8 Odd Reasons You Spend More

Who's to Blame for Your Splurging?

Consumers may like to believe they have complete control over their shopping decisions, but a growing number of studies are starting to shake this belief. “We are much more seduced by outside factors when shopping than we think we are,” said Martin Lindstrom, a marketing expert and author of Buyology: Truth and Lies About Why We Buy. “And the more on top of the world the consumer feels when they walk into a retail store, the less they probably are because they let their guards down.” This may strike some shoppers as nothing more than paranoia. After all, isn’t it the consumer who decides what items to put on their shopping list, which stores they want to shop at and ultimately which items they want to bring up to the cash register? Salespeople may be pushy at times, but at the end of the day, we have the final say over whether or not to swipe our credit cards and actually make the purchases. But as Lindstrom and others have found, by the time we decide to approach the cash register, a wide range of unseen factors in the store – and in our own heads – has likely influenced our decision to shop and how much we are willing to spend. “Most researchers that have studied non-conscious processes are comfortable saying that the majority of the influence over our choices is something that occurs outside conscious awareness,” said Gavan Fitzsimons, a professor of marketing and psychology at Duke University who has unearthed some of these influences. “Of course, there are times when consumers have 100% conscious control over their choices, but these represent a tiny minority of consumer decisions.” If that’s true, does this mean we have no choice but to accept that our spending is somehow beyond our control? MainStreet spoke with behavior experts and rounded up several recent studies to highlight some of the lesser known factors that influence our spending, and in some cases, just knowing that these factors are at play may be enough to mute the effect they have on your shopping behavior and avoid making a purchase that you’ll regret. Photo Credit: Getty Images


Shopping While Hungry

Each year, a new study seems to come out claiming that when we’re hungry, a primal part of our brains kick in that encourages us to be more aggressive and acquire as much food as we can stomach. One 2008 study claimed we effectively become addicts for food in the moment we’re hungry, and need more, more, more until our stomach tells our brain that enough is enough. Everyone has probably experienced a version of this at some point or other. Just think of all the times you’ve ordered a heaping portion of food at a restaurant only to realize at the end of the meal that your eyes really are bigger than your stomach. But this problem extends well beyond the confines of your nearest Denny’s. Several studies have found that consumers will buy up more goods in a grocery store when they are hungry compared to when they are satiated for the same reason. In fact, hungry shoppers may also have a bigger appetite for buying other products like clothes and merchandise, not just food. Lindstrom notes that some stores in the U.S. and abroad deliberately introduce scents like cinnamon and vanilla with the hope of making customers a little more hungry and triggering their urge to shop that much more. So if you feel your stomach rumbling, stay away from the store. Photo Credit: hampdenarchy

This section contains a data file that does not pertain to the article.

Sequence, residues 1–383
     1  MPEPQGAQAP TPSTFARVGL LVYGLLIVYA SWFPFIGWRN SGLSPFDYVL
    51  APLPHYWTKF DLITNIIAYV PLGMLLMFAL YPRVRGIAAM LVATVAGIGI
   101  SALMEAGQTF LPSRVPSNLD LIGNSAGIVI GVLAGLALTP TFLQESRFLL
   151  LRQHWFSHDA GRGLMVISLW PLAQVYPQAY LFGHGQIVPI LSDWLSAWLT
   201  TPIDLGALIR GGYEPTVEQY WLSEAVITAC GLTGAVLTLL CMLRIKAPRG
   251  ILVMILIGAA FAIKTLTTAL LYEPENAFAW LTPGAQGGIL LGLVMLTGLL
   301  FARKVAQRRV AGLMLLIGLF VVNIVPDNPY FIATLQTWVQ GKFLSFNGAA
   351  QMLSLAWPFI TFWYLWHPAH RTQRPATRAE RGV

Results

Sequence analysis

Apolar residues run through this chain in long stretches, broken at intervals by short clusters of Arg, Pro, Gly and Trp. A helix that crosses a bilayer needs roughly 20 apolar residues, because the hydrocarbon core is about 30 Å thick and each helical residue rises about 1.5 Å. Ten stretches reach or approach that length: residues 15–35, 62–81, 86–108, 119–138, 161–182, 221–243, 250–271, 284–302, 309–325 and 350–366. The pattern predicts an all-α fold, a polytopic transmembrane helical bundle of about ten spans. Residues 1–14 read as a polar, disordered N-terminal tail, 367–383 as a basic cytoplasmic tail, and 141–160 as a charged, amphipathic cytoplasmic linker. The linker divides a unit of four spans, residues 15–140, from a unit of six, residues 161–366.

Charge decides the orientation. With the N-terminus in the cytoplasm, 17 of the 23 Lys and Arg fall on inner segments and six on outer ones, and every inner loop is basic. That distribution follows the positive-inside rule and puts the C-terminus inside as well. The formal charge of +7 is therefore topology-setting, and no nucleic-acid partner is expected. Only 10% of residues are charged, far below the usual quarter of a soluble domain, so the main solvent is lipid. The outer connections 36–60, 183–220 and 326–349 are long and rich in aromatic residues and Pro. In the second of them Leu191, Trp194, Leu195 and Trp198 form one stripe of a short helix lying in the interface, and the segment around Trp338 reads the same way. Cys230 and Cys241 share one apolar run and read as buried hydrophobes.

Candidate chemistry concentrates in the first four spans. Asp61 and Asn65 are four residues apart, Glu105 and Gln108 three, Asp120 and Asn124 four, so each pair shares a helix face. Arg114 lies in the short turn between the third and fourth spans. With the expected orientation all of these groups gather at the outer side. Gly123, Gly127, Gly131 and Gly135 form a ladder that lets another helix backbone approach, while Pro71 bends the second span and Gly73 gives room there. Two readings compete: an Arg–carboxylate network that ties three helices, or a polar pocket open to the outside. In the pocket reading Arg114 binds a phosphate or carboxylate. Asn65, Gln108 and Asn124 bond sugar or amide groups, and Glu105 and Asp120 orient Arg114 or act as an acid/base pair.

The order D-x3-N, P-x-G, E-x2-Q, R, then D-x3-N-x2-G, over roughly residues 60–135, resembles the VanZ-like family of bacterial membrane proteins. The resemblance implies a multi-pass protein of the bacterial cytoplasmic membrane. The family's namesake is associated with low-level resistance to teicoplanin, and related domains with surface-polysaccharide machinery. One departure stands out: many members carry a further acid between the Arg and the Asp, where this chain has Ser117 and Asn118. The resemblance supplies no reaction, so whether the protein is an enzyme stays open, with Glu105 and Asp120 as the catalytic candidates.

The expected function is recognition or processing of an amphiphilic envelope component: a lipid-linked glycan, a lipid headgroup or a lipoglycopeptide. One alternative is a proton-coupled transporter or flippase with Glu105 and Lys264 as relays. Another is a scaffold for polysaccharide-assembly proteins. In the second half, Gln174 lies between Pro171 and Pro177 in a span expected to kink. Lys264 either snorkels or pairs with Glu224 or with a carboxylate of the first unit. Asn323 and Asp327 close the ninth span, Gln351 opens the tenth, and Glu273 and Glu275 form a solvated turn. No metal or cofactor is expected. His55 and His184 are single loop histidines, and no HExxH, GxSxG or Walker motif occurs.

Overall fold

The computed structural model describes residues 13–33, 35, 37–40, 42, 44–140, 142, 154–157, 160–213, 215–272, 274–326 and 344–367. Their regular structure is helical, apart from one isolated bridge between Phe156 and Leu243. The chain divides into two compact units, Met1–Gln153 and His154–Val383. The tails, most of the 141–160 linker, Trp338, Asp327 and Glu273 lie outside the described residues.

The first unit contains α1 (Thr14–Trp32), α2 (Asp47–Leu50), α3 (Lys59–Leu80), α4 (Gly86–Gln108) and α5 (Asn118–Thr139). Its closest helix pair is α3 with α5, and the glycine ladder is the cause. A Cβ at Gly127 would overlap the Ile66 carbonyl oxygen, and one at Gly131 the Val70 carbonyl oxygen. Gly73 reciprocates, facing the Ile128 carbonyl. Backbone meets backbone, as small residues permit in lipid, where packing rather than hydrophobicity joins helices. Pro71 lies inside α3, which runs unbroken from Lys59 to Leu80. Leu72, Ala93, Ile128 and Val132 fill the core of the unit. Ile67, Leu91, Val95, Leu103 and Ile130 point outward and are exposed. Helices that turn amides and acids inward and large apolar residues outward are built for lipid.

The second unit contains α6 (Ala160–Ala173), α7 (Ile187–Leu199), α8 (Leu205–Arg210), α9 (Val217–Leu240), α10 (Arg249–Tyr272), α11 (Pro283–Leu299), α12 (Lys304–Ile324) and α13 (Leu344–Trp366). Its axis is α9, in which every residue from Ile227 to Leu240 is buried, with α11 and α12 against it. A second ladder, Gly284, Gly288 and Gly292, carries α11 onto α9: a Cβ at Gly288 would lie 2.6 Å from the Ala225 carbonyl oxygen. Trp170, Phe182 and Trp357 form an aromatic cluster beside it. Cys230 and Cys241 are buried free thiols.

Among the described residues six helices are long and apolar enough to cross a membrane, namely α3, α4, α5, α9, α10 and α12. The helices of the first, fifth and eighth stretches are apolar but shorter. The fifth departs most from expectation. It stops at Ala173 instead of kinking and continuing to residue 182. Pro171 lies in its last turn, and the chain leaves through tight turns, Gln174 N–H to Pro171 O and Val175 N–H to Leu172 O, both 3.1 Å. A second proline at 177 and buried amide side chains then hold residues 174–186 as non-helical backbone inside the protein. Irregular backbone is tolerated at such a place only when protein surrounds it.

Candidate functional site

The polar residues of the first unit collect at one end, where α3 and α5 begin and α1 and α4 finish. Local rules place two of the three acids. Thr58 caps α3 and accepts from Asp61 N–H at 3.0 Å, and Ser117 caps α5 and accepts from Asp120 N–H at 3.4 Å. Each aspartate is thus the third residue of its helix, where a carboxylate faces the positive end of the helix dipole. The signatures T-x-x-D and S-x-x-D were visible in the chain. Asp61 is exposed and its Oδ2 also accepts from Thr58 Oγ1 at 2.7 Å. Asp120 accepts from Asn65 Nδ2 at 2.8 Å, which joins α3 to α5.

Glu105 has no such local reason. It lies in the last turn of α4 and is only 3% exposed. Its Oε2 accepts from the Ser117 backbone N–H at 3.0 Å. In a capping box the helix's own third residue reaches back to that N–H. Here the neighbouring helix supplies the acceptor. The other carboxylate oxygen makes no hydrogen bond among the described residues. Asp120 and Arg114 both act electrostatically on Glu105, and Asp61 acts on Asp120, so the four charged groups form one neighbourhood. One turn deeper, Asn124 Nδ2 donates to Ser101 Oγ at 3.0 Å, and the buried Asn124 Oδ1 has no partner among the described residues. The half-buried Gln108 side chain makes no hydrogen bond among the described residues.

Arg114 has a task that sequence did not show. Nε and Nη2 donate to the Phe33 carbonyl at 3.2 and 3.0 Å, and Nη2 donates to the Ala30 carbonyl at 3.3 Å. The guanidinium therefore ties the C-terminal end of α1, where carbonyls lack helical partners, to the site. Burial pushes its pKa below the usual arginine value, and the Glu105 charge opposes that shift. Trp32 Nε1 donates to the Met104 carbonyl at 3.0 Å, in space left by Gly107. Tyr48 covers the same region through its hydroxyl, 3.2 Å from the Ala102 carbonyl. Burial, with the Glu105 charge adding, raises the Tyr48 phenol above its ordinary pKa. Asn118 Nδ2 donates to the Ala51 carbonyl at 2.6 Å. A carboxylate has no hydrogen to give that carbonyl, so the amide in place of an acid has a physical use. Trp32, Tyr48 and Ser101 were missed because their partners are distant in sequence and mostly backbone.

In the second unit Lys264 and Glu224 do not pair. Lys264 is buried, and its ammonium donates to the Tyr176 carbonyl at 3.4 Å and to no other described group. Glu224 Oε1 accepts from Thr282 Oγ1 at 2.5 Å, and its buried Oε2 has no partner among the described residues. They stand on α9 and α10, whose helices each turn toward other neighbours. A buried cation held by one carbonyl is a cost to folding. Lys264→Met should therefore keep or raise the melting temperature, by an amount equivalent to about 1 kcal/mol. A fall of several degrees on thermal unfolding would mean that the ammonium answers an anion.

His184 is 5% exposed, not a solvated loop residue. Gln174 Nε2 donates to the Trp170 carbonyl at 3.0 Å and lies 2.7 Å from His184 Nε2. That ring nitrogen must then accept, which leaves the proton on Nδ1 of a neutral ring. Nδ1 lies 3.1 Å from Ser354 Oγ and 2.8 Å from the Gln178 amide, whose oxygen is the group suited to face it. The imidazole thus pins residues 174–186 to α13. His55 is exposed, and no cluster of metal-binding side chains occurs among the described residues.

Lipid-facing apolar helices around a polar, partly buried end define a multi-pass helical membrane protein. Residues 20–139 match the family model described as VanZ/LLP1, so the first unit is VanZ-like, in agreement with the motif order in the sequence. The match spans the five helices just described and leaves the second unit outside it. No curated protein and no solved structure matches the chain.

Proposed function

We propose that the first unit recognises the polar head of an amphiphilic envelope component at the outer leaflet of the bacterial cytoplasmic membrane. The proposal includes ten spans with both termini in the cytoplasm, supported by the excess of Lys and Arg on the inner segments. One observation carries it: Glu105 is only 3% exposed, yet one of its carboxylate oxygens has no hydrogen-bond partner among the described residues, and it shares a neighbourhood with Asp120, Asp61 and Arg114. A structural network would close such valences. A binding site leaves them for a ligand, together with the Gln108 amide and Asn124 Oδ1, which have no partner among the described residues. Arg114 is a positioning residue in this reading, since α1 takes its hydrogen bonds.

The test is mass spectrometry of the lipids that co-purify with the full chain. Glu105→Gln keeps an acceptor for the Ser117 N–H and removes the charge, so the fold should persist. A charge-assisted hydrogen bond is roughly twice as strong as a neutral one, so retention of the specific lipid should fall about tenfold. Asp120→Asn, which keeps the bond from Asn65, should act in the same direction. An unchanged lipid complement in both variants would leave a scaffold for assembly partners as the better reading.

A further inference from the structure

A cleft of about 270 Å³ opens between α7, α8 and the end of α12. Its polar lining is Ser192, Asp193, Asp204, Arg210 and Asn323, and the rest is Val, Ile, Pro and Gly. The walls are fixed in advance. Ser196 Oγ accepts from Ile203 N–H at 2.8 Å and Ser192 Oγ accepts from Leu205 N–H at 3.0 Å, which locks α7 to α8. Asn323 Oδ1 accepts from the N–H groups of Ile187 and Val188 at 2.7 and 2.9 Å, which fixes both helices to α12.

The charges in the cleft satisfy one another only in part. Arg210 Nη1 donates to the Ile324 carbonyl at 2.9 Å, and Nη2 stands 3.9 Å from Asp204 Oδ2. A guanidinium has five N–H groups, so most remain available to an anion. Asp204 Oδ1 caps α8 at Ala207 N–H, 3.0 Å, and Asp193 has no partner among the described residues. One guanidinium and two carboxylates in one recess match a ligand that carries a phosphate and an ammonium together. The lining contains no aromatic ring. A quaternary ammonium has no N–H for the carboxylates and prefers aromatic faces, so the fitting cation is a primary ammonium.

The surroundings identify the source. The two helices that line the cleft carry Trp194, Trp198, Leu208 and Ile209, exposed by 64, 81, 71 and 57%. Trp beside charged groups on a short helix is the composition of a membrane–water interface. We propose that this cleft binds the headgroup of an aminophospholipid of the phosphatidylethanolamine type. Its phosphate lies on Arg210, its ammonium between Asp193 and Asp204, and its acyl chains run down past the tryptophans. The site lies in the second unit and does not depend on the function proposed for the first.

Shopping with Your Partner

Sometimes shopping with a friend can be the best way to stop yourself from making an impulse buy, if you prime the friend in advance to help keep you in check. But one exception to the rule may be shopping with your spouse or significant other. According to Lindstrom, the downside of having the extra pair of eyes is that you start to add items to your shopping cart that you may have skipped over on your own because they appeal to your partner. “You start to inspire each other to make a purchase. The first person may not need the item, but the other may push for it,” Lindstrom said. “You are also much more likely to have a fight because you disagree about a particular product, and as a result, you are more likely to buy that product to get the other party to stop complaining.” On the bright side though, guys may finally have the excuse they’ve always wanted to get out of going shopping. Photo Credit: Polycart.


How Religious You Are

At first blush, it seems that whether or not one is religious should have little effect on their shopping behavior, but according to one study Fitzsimons conducted last year, secular shoppers may end up spending more than their religious counterparts. Fitzsimons and his fellow researchers surveyed more than 1,000 consumers and found those with less religion in their lives were more likely to embrace brand-name products as a means to express their identity, while consumers who identified as being more religious felt less of a desire to find other ways to express themselves and so were more likely to purchase generic goods. The net effect of this, as Fitzsimons notes, is that secular shoppers spend “way more” on branded goods, which can lead to a significantly higher bill given that generics are almost always cheaper than brand-name products. Photo Credit: Goldberg